Stop Sexual Harassment Before It Starts: 3 Steps Your Company Can Take

b3fc8dad2890dd25d98c6c8ca4d5311e-originaHow to Fix Systemic Issues
 
By Jeffery Tobias Halter. It’s 2017, and sexual harassment is still making headlines.
 
How many millions will companies continue to dole out in response to sexual harassment and gender discrimination lawsuits, rather than addressing outdated policies and hostile work environments?
 
What’s most alarming is that high-profile cases of systemic harassment don’t even begin to cover the millions of subtle innuendos that women endure daily, that are never discussed or brought to light.
 
Workplace equality and safety can’t happen in an environment where women make less than men, are promoted less frequently than men doing the same job, or are penalized when they can’t stay in the office late because of demands at home.
 
To address these issues, three key areas must be examined. While the first focuses on the visible aspects of harassment, companies must also evaluate critical HR policies, as they can often (and unintentionally) support hostile work environments.

1) Company Culture
At the core of sexual harassment is your company culture. Every CEO must issue a zero-tolerance policy. It must be strongly worded and state that sexual harassment of any kind will not be tolerated and that swift and immediate action will be taken, including termination. If possible, a third party Ombuds/800 number should be established and visibly promoted. In some pending lawsuits, the company’s internal HR was actually involved in covering up the incident.
 
Men and women are having different experiences in the same companies. If you don’t believe me, just ask the women who work for your company about what they experience every day. What you will hear most of the time are not stories of overt sexism. What you will hear are stories of small micro-biases that are present in every workplace situation for women. For most women it is death by a thousand cuts.

2) Subjective HR Practices
People tend to hire, promote, and reward people like themselves. Unknowingly, many organizations have very subjective HR processes. Your selection process, your performance-management process, your succession-planning process, and your compensation strategy are all subject to bias and favoritism.
 
Are you using a rater calibration system that helps managers decide on consistency in ratings? Does your succession planning go two deep, and what does the representation of the pool look like? If you don’t see any women (or minorities), senior management needs to ask leaders why. Is it due to bias, the talent pool, or harassment (either subtle or overt)? More importantly, what are you doing to develop talent that doesn’t think, look, and act like you?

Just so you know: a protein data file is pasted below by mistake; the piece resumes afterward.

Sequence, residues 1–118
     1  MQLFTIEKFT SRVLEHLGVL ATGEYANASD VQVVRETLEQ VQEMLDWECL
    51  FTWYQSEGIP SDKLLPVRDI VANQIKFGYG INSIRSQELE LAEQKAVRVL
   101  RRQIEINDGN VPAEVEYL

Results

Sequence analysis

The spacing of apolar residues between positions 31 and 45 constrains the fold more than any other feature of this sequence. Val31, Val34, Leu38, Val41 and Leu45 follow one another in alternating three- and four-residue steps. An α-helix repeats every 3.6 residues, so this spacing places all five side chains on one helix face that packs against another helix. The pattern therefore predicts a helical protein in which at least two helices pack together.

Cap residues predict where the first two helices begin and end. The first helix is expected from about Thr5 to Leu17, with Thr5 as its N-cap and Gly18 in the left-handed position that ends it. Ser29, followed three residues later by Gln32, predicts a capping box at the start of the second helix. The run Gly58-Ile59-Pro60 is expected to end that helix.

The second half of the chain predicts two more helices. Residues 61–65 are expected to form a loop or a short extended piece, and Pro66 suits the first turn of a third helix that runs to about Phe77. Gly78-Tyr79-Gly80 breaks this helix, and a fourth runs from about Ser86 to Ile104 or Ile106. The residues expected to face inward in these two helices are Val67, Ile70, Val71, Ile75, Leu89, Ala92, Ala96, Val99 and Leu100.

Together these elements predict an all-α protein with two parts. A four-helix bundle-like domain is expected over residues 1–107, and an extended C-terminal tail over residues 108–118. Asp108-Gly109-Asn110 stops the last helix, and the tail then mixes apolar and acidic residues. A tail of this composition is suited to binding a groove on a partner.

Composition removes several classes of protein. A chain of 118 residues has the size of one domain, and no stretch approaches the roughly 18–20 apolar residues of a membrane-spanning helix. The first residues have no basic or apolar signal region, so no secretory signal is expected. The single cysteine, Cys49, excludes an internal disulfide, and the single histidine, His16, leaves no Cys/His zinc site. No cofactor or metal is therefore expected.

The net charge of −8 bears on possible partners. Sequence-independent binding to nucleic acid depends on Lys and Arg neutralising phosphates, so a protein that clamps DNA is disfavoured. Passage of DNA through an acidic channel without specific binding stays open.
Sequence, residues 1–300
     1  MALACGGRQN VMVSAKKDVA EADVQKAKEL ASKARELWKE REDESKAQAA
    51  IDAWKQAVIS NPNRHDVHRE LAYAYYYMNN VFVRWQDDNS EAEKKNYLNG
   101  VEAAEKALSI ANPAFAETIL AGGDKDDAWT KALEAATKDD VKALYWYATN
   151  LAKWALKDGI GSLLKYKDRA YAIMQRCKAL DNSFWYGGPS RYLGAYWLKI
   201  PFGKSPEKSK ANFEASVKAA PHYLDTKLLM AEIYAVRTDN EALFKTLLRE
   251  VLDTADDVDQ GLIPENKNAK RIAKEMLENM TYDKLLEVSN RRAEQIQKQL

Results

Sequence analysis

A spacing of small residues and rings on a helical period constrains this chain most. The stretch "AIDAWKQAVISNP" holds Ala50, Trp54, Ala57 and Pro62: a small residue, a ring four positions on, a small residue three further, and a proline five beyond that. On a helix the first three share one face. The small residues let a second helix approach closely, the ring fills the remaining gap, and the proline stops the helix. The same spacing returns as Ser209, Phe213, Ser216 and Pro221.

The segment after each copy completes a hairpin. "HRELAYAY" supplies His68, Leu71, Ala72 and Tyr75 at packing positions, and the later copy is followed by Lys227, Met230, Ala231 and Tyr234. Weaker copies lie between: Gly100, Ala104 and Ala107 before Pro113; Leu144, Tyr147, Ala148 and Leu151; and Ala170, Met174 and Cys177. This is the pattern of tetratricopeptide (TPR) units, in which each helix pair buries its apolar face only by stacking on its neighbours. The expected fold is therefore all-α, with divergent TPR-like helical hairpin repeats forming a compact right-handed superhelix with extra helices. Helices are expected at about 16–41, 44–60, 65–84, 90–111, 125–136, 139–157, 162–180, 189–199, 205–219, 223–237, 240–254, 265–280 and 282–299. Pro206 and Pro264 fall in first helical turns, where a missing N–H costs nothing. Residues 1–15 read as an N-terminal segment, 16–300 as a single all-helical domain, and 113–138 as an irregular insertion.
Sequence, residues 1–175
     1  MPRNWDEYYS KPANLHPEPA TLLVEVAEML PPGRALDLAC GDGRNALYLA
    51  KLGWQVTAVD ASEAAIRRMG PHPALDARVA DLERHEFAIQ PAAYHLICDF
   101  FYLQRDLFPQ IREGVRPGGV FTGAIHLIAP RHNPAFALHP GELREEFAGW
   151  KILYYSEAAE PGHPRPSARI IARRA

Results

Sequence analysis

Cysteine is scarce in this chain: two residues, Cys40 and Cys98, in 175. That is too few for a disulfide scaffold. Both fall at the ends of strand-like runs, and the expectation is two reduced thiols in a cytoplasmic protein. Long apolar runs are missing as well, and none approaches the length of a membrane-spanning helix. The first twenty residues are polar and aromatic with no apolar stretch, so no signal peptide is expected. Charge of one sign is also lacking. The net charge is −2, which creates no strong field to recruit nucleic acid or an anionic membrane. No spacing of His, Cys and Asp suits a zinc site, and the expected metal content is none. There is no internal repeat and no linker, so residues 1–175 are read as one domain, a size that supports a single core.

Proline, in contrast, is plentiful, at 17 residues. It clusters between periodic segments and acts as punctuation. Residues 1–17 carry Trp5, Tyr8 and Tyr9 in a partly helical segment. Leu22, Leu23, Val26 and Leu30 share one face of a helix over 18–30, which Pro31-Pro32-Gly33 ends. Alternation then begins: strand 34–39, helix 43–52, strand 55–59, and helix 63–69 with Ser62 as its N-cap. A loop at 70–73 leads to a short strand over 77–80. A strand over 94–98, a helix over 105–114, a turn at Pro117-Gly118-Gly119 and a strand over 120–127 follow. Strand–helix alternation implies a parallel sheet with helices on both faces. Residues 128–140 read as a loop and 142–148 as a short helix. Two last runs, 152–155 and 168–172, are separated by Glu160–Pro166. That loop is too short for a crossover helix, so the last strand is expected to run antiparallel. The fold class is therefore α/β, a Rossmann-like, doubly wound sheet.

3) Ignoring the Numbers
Every CEO should ask for a report on internal workforce demographics and pay. Reviewing this information will highlight gender inequities and other gaps at the company. Consider going public with it. Last year, many large Silicon Valley firms publically stated that they are seeking to ensure greater diversity in their workforce and are revisiting their policies and procedures to attract and retain minority talent.
 
By fixing and rigorously reworking your HR practices, you will start to create a culture that will minimize harassment before it even starts. As companies talk and act on recruiting, advancing, and retaining women within, your culture becomes more supportive and open. These initiatives, supported by visual and vocal leadership, will go a long way towards preventing harassment issues before they even arise.
 
853f28be06afcda26828e837f1423158-originaJeffery Tobias Halter is a corporate gender strategist. A leading expert on engaging men to advance women, Jeffery is the President of YWomen, a strategic consulting company and creator of the Father of a Daughter Initiative. The former Director of Diversity Strategy of The Coca-Cola Company, Jeffery has worked with leading companies including McDonald’s, Deloitte, Publicis Groupe, GE and more. A highly sought-after thought-leader, he is a TEDx speaker and frequently talks at industry and corporate events.
 
Posted by MARC Catalyst on Apr 25, 2017 4:22 PM America/New_York
LOG IN or JOIN MARC to Leave Comments

Blog Post Comments

Log in to post a comment.

Polls

If a colleague personally offends you, what do you do?​

Discuss it with them
Tell your manager
Report it to HR
Do nothing

Mention Colleagues



Simply type “@” followed by the user’s name. After three letters, possible matches will appear. Select the desired username from the dropdown to @Mention them!

Questions? Visit our @Mentions tutorial for more.